“That’s the fourth time this week
Another fast brother shot dead in the street”
I’m tired of writing about young rap stars being killed. I hope you’re tired of reading about it. Either way here we are again with JayDaYoungan being the latest rapper gunned down in the United States. I chose a KRS-One quote to open this review as a reminder that this has been endemic since before his deejay Scott La Rock was killed but neither rap nor the culture has had any answers to this problem. Kris made a heartfelt plea to “Stop the Violence in hip-hop” and almost 35 years later nothing has changed.
I realize this could be a moment for depression and despair. It seems hopeless. Despite the evidence to the contrary I still think we can do better. The problem is complex and my words certainly aren’t the answer. Hearts and minds need to change, and young people need real opportunities for a better life so that the “fast” way isn’t so appealing. Wealth needs to be re-evaluated as a measure of success. Creating a better life for your peers and your kin is a success. Living and breathing is a success.
“Baby23” may be the only studio album JayDaYoungan released, but he was incredibly prolific outside of that, with at least a dozen mixtapes and extended plays since 2016. This is our first time covering Jay and it’s admittedly overdue. His 2019 video for “23 Island” was the very definition of viral, and its inclusion on this album guaranteed the release would do well. It’s over 170 million views as of this writing and the unfortunate truth is those numbers will mushroom following his death. If there’s one thing we’re far too good at it’s celebrating rappers after they die young instead of while they’re still alive.
Javorius Scott was once quoted as saying “I don’t see me sounding similar to nobody else” and with respect to the dead I looked at his album with that thought in mind. Try as I did though songs like “Shottas” draw obvious and immediate comparisons to AutoTune crooners like Lil Tjay and YNW Melly. It’s not that Jay is tying to imitate them or anybody else; rather, it’s the predominant rap style for going from the underground to the mainstream quickly. Some have called this the SoundCloud rap generation. I think that’s a gross oversimplification given there are still a wide variety of new artists in rap, many of whom do not use AutoTune even once on a song, but Jay and his “Draco” are very definitely part of the trend.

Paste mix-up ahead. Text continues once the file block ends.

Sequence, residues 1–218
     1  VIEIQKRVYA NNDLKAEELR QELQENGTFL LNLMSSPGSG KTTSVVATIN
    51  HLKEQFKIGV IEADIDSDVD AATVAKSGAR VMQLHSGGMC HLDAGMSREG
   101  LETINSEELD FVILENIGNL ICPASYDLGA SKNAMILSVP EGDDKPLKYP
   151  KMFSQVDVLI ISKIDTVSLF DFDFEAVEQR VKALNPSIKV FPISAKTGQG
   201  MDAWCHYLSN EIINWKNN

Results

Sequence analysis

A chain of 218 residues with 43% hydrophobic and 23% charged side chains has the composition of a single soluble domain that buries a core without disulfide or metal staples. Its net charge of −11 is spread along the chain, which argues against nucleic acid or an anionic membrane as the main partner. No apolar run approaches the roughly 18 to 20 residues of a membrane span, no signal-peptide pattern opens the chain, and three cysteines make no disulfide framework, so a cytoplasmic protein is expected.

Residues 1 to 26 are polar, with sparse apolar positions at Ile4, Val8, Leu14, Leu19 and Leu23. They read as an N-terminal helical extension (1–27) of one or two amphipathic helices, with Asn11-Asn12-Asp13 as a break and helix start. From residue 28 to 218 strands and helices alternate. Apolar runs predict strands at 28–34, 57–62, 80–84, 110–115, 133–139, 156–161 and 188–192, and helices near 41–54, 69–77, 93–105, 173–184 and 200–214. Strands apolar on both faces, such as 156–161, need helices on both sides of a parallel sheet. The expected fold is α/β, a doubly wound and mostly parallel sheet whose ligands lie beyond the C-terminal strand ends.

This is where the inevitable hand-wringing will come in. If JayDaYoungan is proudly rapping about the “brand new body” his gun caught on the hook, is he guilty of promoting the very violence that brought him down? I look at it as a mirror reflecting off the experiences Mr. Scott had in his young life. Bogalusa, Louisiana is described as having among the highest crime rates in the state, and Louisiana didn’t have a low rate of homicides and gun violence to begin with. His death like his music is a an uncomfortable reminder of the consequences when communities spiral into chaos while people stand around saying “that’s a damn shame” but the bodies keep dropping. “That’s the fourth time this week.”
“Try Me” may seem like it was inviting people to take shots at him, but let’s remember that this is a song and not real life, and even if it was real life such bravado could only be read as a defense mechanism. If you know that the moment you succeed someone’s waiting to take it from you, what are your choices? Talking big and trying to scare people off, or packing heat and doing it for real. Perhaps Scott did a little bit of both and hoped it would be enough to make the haters think twice. Unfortunately given the number of people who ambushed him and his father in front of their home it might has well have been a military operation. Both Jay and his pops were armed and were completely overwhelmed. Who knows what their motives were? We just know they were determined to succeed and they did.
In songs like “Nightmares” we see that JayDaYoungan letting Javorius shine though, admitting that the constant hate directed his way was keeping him up at night more than Kid CuDi. Arguably he too was in pursuit of happiness. He worked with BTGrin on songs like “Do You Wanna Go Away” where he proposes to a potential partner they leave things behind for a sexual rendezvous. It’s equally possible to read between the lines that he wants to escape his nightmares, both in the comfort between her legs and in a real sense go on a vacation with her somewhere far from Bogalusa.
It’s clear from “Baby23” that JayDaYoungan had the ambitious to succeed and a sound that would easily fit into whatever “Power” or “Hot” FM radio station is big in your city. Fitting in easily also means you don’t stand out. In a drive time mix I wouldn’t be able to separate Jay from at least a dozen contemporaries with a similar style, unless I heard a specific song like “23 Island” that went mega viral outside of commercial radio. Please pay attention to my words here and don’t just skip down to the score. I want this to be absolutely clear — Javorius Tykies Scott was a rising star in the music world, and it’s a tragedy for everyone involved that a young black man with his whole life ahead of him was gunned down over lord knows what reason. We don’t know how much more he could have grown, what he could have accomplished, how much he could have done for this world. It’s time to stop being tired of this happening and start to find some answers.